Thursday, June 30, 2011

Hilariously tall tales - review of Greg Davies

Greg Davies at The Corn Exchange, Newbury on Friday, June 17

I DON’T like to use the word “hilarious” in my reviews of comedy for the Newbury Weekly News - partly because not all the acts I see hit the “hilarious” button enough times to deserve it, but also because if I describe a comedian’s performance as hilarious, where do I go from there? What if I see someone even more consistently, side-achingly, tear-inducingly funny the following week? What word do I use to describe them?

But I have decided on this occasion to take the plunge. So, here goes... Greg Davies is hilarious. His show, Firing Cheeseballs At A Dog, elicited laughs, guffaws, chuckles and titters from beginning to end. His support act, Ed Gamble, was pretty good as well, which isn’t always a given. Davies apologised if some of his material was familiar to the audience who may have seen his recent appearance on TV channel Dave, “but I have extended the show since then”.

In fact, he had brought it in a shortened embryonic form to Newbury in April 2010 as part of The Big Laugh comedy event put on by The Corn Exchange’s youth committee (he’s also previously performed at Newbury Comedy Festival as part of the sketch trio We Are Klang). No matter; it was excellent then, but an Edinburgh Fringe run and an inordinate number of tour dates later, Davies has lovingly honed the show into a well-crafted run through some of the most bizarre “true’ moments from his life, introducing some fabulously freakish characters along the way, including his magnificently eccentric parents.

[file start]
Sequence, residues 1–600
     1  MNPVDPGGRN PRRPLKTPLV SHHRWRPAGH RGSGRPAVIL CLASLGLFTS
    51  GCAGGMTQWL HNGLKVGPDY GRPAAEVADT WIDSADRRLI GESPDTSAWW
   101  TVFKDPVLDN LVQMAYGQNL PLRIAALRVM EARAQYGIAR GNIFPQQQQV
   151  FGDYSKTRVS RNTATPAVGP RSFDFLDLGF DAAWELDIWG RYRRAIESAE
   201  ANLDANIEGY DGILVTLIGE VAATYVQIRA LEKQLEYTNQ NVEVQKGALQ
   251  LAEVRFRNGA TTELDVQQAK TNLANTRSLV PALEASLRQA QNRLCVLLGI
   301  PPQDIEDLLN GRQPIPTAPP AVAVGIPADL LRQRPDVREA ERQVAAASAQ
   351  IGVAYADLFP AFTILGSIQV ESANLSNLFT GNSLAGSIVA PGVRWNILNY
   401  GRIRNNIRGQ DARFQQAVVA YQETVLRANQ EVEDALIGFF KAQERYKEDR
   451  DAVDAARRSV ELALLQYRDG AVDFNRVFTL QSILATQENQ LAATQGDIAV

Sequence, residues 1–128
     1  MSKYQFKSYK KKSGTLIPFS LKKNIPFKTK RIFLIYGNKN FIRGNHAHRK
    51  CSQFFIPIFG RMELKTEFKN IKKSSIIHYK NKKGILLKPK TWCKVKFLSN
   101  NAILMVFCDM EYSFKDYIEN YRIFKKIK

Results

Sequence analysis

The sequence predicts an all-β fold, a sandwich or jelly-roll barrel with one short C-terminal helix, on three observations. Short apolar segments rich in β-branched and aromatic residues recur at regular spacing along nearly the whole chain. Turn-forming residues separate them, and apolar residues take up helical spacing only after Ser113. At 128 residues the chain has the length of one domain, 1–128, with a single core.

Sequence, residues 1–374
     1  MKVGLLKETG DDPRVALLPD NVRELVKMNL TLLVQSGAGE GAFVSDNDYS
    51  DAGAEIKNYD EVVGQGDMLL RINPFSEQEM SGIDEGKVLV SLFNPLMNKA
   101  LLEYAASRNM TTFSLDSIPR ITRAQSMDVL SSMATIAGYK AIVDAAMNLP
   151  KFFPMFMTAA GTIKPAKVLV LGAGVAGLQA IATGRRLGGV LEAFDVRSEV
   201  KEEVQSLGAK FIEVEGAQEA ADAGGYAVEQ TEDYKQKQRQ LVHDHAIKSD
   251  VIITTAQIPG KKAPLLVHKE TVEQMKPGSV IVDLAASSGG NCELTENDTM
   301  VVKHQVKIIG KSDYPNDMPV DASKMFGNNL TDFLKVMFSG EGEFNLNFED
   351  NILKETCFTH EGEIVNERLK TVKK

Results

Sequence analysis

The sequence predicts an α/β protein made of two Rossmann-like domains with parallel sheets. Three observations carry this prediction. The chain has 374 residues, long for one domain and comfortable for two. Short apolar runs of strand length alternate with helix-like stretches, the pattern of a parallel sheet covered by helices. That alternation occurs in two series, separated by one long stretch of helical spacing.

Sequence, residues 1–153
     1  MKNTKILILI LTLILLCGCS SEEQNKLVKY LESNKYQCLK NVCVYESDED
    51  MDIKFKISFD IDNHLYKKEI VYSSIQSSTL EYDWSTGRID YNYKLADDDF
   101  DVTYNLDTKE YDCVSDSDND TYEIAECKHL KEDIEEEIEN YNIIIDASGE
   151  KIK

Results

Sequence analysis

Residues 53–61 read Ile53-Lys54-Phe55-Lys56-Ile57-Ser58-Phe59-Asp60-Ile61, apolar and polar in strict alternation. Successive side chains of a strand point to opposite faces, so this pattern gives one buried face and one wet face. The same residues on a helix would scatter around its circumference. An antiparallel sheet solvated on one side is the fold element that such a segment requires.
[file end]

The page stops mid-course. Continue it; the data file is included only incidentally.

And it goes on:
Whizzing through some more ignominious periods of his life - his university years were summed up as “Drunk. Pathetic. Single” - in favour of the long, dark teatime of the soul which was his teaching career, Davies was wonderfully self-deprecating (describing his toddler self as resembling Mr Tickle) without ever slipping into maudlin introspection. He teetered in his tales and their telling just on the right side of “man of the people” rather than wobbling over into “worryingly strange”. He happily jumped into the audience to find a “young person”, and bravely let it slip that he was off to The Dolphin pub after the show to see a mate’s band. I bet they suddenly had an influx of new customers in there around 11pm on Friday.

The next comedian I see has a lot to live up to [it might be Mark Thomas during Newbury Comedy Festival in July, so to be fair, he’s likely to do a pretty good job ]. For now, I will pack the word “hilarious” away, having reserved it for Davies alone. I hope he uses it wisely and liberally.

  • First published in Newbury Weekly News on Thursday, June 23, 2011

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